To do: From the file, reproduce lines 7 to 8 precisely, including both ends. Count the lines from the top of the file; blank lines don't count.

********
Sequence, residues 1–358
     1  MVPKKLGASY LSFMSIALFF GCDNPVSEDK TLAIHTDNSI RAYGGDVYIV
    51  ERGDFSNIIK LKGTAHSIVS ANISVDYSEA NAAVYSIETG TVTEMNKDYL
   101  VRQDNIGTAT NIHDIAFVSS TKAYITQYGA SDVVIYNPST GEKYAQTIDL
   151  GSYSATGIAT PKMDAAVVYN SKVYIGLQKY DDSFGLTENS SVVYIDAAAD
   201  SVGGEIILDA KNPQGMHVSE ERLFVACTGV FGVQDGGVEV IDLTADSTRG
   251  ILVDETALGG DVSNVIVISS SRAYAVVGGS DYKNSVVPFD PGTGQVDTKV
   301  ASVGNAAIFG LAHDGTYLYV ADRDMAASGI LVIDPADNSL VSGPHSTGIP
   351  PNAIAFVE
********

   251  ILVDETALGG DVSNVIVISS SRAYAVVGGS DYKNSVVPFD PGTGQVDTKV
   301  ASVGNAAIFG LAHDGTYLYV ADRDMAASGI LVIDPADNSL VSGPHSTGIP